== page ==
Of chocolate, that is! It may just be a superfood! Science says you can give into that nagging sweet tooth – but in moderation.
According to the Harvard School of Public Health, dark chocolate containing 70-90% cocoa solids is high in antioxidants (shown to reduce cancer-causing free radicals) and contains a healthy amount of plant chemicals called flavanols that may help protect you from heart disease.
In a study published in The American Journal of Clinical Nutrition, Flavanols were shown to support the production of nitric oxide in the inner cell lining of blood vessels and improve blood flow, thereby lowering blood pressure.
Flavanols in dark chocolate may also increase insulin sensitivity and possibly reduce the risk of Type 2 diabetes in the long term.1 Additionally, high concentrations of dark chocolate may actually reduce stress and boost your mood and memory.2
More scientific studies are needed to confirm these outcomes, but the observational data is promising!
Here is some more delicious information about dark chocolate:
- Though high in calories, dark chocolate can also help you feel full and satisfied so a couple of small squares a day shouldn’t lead to overall weight gain.
- The heart-protective qualities seem to outweigh the negative effect of the moderate amount of saturated fat contained in dark chocolate. Moreover, the cocoa butter may raise “good” cholesterol and lower “bad cholesterol.” Again, portion control is key, and these indications are not definitive yet.1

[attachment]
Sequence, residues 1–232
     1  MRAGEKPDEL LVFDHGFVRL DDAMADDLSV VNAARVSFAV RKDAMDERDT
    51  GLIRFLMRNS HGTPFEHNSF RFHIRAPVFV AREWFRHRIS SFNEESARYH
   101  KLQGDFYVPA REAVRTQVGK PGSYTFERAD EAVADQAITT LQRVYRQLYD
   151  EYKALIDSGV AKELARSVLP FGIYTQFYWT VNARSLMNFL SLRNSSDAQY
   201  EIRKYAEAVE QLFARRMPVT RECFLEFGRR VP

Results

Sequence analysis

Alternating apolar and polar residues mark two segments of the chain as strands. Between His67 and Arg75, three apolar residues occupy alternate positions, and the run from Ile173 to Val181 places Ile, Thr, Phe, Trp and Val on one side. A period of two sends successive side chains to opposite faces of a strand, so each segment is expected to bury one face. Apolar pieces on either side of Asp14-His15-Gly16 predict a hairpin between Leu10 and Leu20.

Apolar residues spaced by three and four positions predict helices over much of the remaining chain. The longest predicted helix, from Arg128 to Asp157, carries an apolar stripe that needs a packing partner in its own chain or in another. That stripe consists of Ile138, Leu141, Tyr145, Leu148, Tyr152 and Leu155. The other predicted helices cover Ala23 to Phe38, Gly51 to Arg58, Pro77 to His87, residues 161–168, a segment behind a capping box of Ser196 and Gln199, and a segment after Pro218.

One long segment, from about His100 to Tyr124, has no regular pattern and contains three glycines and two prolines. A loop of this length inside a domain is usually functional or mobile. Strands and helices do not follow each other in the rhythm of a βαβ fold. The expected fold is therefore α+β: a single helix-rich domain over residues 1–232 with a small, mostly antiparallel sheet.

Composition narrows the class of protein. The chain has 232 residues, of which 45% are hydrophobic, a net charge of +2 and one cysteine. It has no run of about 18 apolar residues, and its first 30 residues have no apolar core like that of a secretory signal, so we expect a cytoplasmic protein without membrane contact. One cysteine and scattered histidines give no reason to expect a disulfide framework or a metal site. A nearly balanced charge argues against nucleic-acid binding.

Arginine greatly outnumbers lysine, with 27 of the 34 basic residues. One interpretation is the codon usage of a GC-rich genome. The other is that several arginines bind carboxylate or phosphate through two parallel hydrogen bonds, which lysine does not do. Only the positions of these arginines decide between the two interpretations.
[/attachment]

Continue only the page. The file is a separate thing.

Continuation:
- Rich in iron, copper, magnesium, zinc and phosphorus. These are very good for your skin!
- Stored properly, tightly sealed in a cool dry area, your chocolate “stash” can last up to two years.
- Choose natural cocoa, not Dutch-processed, for its higher level of flavanols.
- The higher the percentage of cocoa solids, the higher the caffeine buzz. Two ounces of 70% dark chocolate contains 25-60% of the caffeine of an 8-ounce cup o’ joe.
- Look for “Fair-Trade” labeled chocolate to ensure that your brand doesn’t employ unethical labor practices.
- Sorry, but milk and white chocolates do not offer the same benefits as the dark stuff.
Food Features/Dark Chocolate, https://www.hsph.harvard.edu/nutritionsource/food-features/dark-chocolate/
Effects of chocolate on cognitive function and mood: a systematic review, Andrew Scholey and Lauren Owen, October, 3, 2013, https://onlinelibrary.wiley.com/doi/10.1111/nure.12065
Eight Healthy Reasons to Eat Dark Chocolate, Anna Brooks, August 16, 2019, https://www.everydayhealth.com/diet-and-nutrition-pictures/delicious-reasons-to-eat-dark-chocolate.aspx
*Disclaimer: Information in this article is for not intended to provide medical advice or to diagnose/treat any ailments. Please consult your personal physician if any topic is of interest or concern to you. Never disregard professional medical advice or delay in seeking it because of
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